April 14, 2014
Looking back on his four-year Alma College experience, Michael Reeves appreciated the challenges as much as the successes.
“Coming into Alma, I thought I had everything figured,” says Reeves. “I knew how the world worked, and I was going to change the world — the world was not going to change me. Through my years at Alma College, I realized that in order to change the world, I must start with myself.
Reeves, the 2014 recipient of the Barlow Trophy, Alma College’s most prestigious award for a graduating senior, acknowledges that the experiences at Alma that best prepared him to be successful were the struggles.
“Whenever a class was difficult or challenging, I learned that I needed to work harder and to not be too proud to ask for help,” he says. “I know a few of my professors were tired of seeing me in their offices so often, but I needed to be there in order to succeed.
“Whenever I had too much on my plate, I needed to decide when to persevere and when it was time to stop an activity. I learned that it is much better to try everything, and then focus on the activities I loved most. I would rather be great at a few activities and put forth my full effort, than to be mediocre at all activities or not live up to my full potential.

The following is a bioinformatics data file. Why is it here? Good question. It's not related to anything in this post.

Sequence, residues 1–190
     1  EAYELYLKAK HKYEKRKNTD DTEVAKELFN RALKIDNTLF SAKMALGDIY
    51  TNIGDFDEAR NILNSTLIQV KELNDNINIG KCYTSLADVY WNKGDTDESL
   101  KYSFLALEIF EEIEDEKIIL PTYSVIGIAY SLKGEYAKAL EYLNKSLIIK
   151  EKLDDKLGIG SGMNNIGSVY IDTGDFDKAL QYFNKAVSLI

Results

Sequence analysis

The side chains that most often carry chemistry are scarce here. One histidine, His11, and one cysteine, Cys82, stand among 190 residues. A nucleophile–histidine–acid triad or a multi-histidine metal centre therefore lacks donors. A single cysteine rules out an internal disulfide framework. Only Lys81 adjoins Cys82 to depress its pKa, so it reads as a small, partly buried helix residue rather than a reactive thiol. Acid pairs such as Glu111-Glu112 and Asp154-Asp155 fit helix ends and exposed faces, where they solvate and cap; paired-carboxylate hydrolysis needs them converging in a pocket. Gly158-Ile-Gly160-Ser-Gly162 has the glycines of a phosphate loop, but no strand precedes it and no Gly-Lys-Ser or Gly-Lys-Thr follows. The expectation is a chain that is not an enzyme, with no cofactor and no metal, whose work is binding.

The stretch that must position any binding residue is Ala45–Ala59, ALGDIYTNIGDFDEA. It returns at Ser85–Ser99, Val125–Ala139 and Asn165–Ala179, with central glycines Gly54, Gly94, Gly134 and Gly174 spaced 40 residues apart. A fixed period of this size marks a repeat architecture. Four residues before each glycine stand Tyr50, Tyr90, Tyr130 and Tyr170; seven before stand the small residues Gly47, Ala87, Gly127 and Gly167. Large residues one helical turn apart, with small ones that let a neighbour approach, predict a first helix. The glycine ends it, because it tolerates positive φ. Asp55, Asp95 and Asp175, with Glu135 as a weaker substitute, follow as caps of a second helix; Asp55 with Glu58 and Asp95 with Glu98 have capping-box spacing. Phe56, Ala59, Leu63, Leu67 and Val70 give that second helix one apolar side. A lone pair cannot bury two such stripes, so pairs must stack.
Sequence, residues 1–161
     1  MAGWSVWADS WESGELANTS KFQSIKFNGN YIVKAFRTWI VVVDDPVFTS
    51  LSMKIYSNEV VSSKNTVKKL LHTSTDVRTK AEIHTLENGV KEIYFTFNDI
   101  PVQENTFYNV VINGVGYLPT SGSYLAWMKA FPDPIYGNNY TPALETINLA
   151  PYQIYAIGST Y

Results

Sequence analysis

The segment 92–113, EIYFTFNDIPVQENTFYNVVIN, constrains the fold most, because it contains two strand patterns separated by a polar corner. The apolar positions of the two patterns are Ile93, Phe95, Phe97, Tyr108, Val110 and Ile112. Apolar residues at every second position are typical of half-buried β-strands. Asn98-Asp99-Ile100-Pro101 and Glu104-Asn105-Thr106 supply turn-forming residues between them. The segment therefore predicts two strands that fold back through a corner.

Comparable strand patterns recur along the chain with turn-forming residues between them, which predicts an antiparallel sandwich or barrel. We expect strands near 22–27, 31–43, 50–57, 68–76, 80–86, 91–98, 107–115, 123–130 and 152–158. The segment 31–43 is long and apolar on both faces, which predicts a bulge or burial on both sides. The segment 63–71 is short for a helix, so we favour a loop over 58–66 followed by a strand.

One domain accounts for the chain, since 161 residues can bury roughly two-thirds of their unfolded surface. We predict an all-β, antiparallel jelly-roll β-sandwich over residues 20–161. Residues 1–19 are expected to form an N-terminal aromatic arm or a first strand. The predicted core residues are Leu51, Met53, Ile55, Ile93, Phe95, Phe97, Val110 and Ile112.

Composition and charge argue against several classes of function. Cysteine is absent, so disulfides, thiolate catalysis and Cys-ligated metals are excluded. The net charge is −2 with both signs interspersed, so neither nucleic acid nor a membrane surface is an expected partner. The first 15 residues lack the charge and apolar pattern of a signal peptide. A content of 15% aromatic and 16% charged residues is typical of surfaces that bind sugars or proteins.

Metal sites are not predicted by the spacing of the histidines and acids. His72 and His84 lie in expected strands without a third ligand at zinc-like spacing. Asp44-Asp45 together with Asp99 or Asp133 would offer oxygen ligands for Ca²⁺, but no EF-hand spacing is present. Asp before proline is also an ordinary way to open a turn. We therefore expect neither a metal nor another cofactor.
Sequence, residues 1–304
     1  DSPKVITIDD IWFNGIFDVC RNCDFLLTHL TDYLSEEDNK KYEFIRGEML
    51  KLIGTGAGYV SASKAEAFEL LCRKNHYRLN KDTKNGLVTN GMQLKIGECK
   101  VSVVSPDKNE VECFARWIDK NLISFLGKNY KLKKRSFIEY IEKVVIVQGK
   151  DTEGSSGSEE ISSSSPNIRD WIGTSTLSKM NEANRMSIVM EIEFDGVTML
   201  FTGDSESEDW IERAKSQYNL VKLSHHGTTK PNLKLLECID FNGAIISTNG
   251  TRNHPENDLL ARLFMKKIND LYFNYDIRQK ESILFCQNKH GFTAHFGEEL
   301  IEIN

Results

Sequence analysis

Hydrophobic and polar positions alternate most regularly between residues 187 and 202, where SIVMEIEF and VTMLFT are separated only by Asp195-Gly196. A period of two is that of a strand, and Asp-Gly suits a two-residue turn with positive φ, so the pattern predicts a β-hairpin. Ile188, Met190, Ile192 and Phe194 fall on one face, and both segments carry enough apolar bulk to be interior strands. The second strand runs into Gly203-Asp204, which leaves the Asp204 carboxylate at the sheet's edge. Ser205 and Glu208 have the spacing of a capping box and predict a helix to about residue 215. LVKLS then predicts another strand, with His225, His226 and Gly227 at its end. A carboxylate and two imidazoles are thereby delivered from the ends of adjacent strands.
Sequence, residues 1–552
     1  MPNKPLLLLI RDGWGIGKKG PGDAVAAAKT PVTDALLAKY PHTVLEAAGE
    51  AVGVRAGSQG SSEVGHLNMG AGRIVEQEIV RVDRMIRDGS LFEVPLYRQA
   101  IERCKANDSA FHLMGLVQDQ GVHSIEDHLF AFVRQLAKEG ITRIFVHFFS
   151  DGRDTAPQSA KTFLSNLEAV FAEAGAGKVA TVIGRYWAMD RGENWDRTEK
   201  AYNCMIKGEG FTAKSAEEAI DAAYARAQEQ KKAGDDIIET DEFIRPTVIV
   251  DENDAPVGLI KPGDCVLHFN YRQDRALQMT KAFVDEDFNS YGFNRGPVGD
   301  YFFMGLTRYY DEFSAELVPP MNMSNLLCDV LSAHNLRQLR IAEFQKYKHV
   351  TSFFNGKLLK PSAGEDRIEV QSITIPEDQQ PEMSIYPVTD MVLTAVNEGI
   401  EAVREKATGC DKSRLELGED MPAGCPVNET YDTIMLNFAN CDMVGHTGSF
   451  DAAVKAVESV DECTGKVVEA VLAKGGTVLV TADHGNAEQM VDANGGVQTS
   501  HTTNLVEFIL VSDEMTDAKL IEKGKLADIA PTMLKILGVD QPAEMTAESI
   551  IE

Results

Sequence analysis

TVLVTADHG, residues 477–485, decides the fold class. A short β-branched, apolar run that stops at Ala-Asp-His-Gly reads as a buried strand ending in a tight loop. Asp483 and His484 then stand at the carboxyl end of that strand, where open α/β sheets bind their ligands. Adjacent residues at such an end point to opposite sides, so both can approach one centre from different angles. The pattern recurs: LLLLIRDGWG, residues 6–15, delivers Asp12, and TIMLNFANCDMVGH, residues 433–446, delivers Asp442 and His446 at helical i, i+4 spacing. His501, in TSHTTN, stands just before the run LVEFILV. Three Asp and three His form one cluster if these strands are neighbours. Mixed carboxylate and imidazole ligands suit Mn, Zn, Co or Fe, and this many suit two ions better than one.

“I also learned that friends and confidants are some of the most important items in life. I could never have accomplished what I have here without the support of my friends, family, and mentors. I wish that I had more time to thank people for what they have done for me.”
Reeves, a native of Lisle, Ill., participated in numerous extracurricular activities during his four years at Alma while pursuing a degree in elementary education. He was active in the performing arts, campus residence life, admissions recruitment and the local Alma community.
He was voted Alma’s homecoming king in fall 2013 and served as an officer in Phi Mu Alpha Sinfonia, the national music fraternity, and Kappa Delta Pi, the international education honorary. Passionate about music, Reeves was a member of the Kiltie Wind and Jazz ensembles as well as the College Chorale and Alma Choir.
His community involvement included volunteering as a coach for the local Alma Tigers Special Olympics Basketball Program. Additional campus activities included playing one year of varsity football and three years of intramural basketball. He also was active with Youth for Christ, Fellowship of Christian Athletes and Alma College Chapel ministries.
The Barlow Award, which is voted on by Student Congress and faculty members, is presented to a graduating student in the top 10 percent of the senior class who has made incredible contributions to both the campus and the community.